• When child appears bored of toys that are available, switch toys out with the hidden box of toys. Children will forget about some toys they have, making them feel new and exciting again!
    • Continue this toy rotation as child displays readiness with multiple boxes as options. Allow child to peek into boxes and choose box, if they wish.

3. Incorporate multiple skills per toy

    • Challenge the child to create different ways to use the toy.
    • Model your own creative ways to use the toy
    • Encourage exploration of new toy.

4. Use toy in obstacle course

    • Toys that appear more challenging for a child are great to incorporate into a fun movement activity. This helps break up the challenge and decrease frustration.
    • Great for toys with multiple pieces.
    • Encourages physical activity, especially in those cold months!

5. Keep toys simple

    • Simple toys encourage creativity and imagination!
    • Toys don’t need to have a lot of lights or songs to be fun. These can actually become over-stimulating for a child.
    • Allow child independence for exploring toys with only interrupting activity if unsafe.

6. Favorite educational toy companies

    • These websites allow you the ability to choose toys based on age range so you know what activities are developmentally appropriate for child

If you want some more ideas check out our website or amazon idea page!

 

Preschool: Top 5 Reasons Why Preschool is Important

Questioning whether or not to send your child to preschool? From a therapist perspective, preschool is such an important piece to practicing skills required later down the road. It facilitates structure, independence, social-emotional learning, and the foundation for higher level skills. 

1.  PLAY AT PRESCHOOL

Play is how kids learn! They learn to use their imagination, be creative, socialize with others their age, share, and problem solve when an obstacle arises. It also provides various play experiences through structured and unstructured activities, all of which allow children to build confidence, a sense of self, and critical thinking skills.

2. STRUCTURE

Preschool is where children start to participate in more structured routines like stations, lining up, singing a morning song, or learning the days of the week. Consistent routines are important for understanding expectations, predictability, and at the same time adapt to any changes that may arise.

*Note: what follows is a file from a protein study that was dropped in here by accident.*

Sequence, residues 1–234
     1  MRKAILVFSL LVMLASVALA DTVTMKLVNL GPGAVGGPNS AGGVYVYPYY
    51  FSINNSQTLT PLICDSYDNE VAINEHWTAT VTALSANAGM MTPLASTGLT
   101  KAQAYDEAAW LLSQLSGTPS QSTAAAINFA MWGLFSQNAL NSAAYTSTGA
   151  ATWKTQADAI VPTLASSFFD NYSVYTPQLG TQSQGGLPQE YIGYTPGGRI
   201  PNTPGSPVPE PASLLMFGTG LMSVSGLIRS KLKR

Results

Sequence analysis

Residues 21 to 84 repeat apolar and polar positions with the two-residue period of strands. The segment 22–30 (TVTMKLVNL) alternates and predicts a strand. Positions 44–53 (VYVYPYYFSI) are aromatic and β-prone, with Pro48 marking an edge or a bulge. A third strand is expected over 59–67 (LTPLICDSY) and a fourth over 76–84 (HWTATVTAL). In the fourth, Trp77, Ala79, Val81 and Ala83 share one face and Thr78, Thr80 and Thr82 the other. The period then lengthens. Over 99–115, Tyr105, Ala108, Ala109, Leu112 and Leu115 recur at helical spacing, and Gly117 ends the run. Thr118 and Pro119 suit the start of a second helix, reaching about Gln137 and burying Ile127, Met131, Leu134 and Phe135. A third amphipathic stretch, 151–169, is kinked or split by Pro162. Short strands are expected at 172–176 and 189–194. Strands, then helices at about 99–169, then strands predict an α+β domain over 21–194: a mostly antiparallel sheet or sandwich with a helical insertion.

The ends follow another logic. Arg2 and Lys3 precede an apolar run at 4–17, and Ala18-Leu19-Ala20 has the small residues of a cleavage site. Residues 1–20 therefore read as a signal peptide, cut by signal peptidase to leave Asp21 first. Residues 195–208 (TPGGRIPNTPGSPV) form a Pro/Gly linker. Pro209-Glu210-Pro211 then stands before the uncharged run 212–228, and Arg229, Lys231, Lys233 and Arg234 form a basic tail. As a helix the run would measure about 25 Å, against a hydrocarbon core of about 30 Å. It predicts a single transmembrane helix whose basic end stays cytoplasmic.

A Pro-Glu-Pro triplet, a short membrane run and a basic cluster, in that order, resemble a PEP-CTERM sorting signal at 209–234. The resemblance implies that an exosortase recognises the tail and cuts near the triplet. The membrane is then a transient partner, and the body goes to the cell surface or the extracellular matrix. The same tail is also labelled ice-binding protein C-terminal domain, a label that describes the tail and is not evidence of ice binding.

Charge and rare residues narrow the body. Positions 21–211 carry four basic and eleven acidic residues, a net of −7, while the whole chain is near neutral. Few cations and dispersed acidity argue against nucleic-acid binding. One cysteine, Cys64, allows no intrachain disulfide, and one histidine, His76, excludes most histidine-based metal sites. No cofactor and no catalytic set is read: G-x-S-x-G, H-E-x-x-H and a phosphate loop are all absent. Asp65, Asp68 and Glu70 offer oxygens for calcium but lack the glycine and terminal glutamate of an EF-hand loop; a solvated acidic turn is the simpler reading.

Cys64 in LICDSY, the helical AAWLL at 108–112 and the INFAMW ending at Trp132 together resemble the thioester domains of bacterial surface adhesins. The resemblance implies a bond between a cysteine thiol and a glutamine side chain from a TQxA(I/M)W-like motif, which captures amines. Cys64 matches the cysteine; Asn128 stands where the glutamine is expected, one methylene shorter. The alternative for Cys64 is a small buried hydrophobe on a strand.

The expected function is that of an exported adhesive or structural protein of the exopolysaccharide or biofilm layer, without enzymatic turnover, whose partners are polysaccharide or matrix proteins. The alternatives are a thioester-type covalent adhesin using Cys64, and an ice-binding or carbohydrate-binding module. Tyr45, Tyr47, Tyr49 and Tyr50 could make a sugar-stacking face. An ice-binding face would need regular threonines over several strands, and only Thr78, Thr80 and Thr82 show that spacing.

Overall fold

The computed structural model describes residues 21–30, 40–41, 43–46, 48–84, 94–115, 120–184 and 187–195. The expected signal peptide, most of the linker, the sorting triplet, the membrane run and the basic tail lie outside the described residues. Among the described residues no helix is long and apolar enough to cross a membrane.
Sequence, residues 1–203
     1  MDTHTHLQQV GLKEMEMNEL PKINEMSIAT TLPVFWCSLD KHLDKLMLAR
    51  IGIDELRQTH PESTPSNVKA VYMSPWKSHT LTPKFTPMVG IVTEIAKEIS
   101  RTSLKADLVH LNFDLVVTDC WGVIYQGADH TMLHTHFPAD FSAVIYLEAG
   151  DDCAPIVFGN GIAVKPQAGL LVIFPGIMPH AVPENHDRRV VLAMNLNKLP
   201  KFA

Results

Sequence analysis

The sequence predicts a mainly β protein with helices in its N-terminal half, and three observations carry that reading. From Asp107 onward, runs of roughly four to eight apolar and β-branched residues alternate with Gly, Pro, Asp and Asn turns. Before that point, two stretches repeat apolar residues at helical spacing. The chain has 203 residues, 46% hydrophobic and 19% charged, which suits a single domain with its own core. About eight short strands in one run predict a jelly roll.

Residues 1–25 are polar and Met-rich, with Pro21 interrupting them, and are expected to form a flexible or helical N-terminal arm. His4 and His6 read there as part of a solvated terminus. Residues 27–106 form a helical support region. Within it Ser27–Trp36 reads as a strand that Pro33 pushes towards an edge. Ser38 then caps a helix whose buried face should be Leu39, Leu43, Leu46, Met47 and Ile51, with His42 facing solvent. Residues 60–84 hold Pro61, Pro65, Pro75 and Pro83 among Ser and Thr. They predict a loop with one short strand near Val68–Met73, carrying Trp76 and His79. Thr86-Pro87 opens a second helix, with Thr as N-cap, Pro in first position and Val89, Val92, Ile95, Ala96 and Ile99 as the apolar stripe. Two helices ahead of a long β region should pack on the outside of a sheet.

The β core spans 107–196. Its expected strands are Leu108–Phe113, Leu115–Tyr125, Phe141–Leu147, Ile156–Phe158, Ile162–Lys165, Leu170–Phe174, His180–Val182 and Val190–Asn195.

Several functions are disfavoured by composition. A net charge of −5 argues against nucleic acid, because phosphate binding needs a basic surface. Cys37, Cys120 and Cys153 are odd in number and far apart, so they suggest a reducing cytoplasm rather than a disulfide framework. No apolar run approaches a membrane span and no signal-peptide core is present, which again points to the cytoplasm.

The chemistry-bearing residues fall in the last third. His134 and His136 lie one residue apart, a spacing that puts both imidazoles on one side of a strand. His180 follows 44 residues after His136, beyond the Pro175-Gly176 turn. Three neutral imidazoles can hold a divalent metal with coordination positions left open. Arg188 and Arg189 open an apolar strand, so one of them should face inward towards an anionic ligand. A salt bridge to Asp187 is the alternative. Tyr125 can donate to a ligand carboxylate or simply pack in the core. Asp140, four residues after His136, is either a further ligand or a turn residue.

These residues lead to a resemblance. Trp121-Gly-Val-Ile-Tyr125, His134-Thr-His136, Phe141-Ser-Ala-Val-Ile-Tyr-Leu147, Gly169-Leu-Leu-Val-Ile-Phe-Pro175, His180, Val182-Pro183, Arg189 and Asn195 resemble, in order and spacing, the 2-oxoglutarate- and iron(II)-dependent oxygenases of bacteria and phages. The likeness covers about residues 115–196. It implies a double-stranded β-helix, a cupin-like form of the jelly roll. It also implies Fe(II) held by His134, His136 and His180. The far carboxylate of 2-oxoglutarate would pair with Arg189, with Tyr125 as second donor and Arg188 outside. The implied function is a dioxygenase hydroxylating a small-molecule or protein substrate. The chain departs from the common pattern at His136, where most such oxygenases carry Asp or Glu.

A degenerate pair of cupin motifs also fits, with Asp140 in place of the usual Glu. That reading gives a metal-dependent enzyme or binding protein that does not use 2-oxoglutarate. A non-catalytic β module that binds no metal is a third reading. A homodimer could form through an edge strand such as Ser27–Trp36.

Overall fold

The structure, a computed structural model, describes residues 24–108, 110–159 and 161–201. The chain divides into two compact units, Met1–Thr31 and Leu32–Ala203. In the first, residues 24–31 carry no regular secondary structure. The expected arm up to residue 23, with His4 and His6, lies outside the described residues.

3. FOUNDATIONAL SKILLS

Preschool helps you develop: 

      • Fine motor skills (pre-writing strokes, grasp, stringing beads, scissor skills)
      • Visual motor skills (building block structures, coloring)
      • Gross motor skills (catching, jumping, playing on the playground)
      • Communication skills (having conversations with others, identifying colors, asking questions)

4. INDEPENDENCE 

Preschool instills independence and provides an opportunity for children to develop self advocacy skills and personal interests. Within preschool, children start learning how to take responsibility for their actions and provide numerous occasions to complete simple tasks on their own. 

5. SOCIAL-EMOTIONAL LEARNING

The preschool environment gives children the chance to engage with others, navigate conflict, understand their own emotions, and learn about empathy. Building on these skills at a young age provides children opportunities to grow and reach their full potential and beyond. 

If you find that your child may have trouble in one or more of these areas, reach out to the BDI Playhouse office to schedule a free OT, ST, or PT screen. 

 

Written By: Kiersten Robertson, MOT, OTR/L

 

Undistracted eating- Meals without the iPad

It has become a common occurrence to see a child on an iPad while out to eat, and often enough we hear families telling stories about iPads at meals. We get it. It is hard! Kids don’t want to sit still; kids don’t want to eat right now; my kid is super picky; there’s more than one kid to take care of so the iPad acts as a babysitter. The reasons go on and the iPad makes these small parts of the day run a little bit smoother. But here are some important reasons why undistracted eating is best and tips how to try and ditch that iPad altogether while at the table.